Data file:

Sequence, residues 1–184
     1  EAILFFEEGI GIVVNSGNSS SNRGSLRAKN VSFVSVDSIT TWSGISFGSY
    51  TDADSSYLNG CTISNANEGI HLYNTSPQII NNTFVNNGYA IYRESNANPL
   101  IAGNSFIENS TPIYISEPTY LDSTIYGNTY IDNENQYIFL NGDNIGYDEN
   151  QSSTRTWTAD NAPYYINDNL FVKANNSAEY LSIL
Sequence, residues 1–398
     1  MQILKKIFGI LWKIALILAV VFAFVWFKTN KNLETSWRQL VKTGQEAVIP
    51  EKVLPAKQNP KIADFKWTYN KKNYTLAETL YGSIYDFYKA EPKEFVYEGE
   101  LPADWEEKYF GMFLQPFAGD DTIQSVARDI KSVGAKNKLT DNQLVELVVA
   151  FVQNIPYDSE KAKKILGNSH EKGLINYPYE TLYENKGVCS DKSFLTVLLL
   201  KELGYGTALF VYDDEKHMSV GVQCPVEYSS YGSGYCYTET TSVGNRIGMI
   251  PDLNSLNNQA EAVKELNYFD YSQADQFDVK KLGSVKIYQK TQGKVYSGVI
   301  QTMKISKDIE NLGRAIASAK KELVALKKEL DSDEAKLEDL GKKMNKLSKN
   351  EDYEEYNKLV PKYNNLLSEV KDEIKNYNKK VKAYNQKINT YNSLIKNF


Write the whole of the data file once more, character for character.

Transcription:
Sequence, residues 1–184
     1  EAILFFEEGI GIVVNSGNSS SNRGSLRAKN VSFVSVDSIT TWSGISFGSY
    51  TDADSSYLNG CTISNANEGI HLYNTSPQII NNTFVNNGYA IYRESNANPL
   101  IAGNSFIENS TPIYISEPTY LDSTIYGNTY IDNENQYIFL NGDNIGYDEN
   151  QSSTRTWTAD NAPYYINDNL FVKANNSAEY LSIL
Sequence, residues 1–398
     1  MQILKKIFGI LWKIALILAV VFAFVWFKTN KNLETSWRQL VKTGQEAVIP
    51  EKVLPAKQNP KIADFKWTYN KKNYTLAETL YGSIYDFYKA EPKEFVYEGE
   101  LPADWEEKYF GMFLQPFAGD DTIQSVARDI KSVGAKNKLT DNQLVELVVA
   151  FVQNIPYDSE KAKKILGNSH EKGLINYPYE TLYENKGVCS DKSFLTVLLL
   201  KELGYGTALF VYDDEKHMSV GVQCPVEYSS YGSGYCYTET TSVGNRIGMI
   251  PDLNSLNNQA EAVKELNYFD YSQADQFDVK KLGSVKIYQK TQGKVYSGVI
   301  QTMKISKDIE NLGRAIASAK KELVALKKEL DSDEAKLEDL GKKMNKLSKN
   351  EDYEEYNKLV PKYNNLLSEV KDEIKNYNKK VKAYNQKINT YNSLIKNF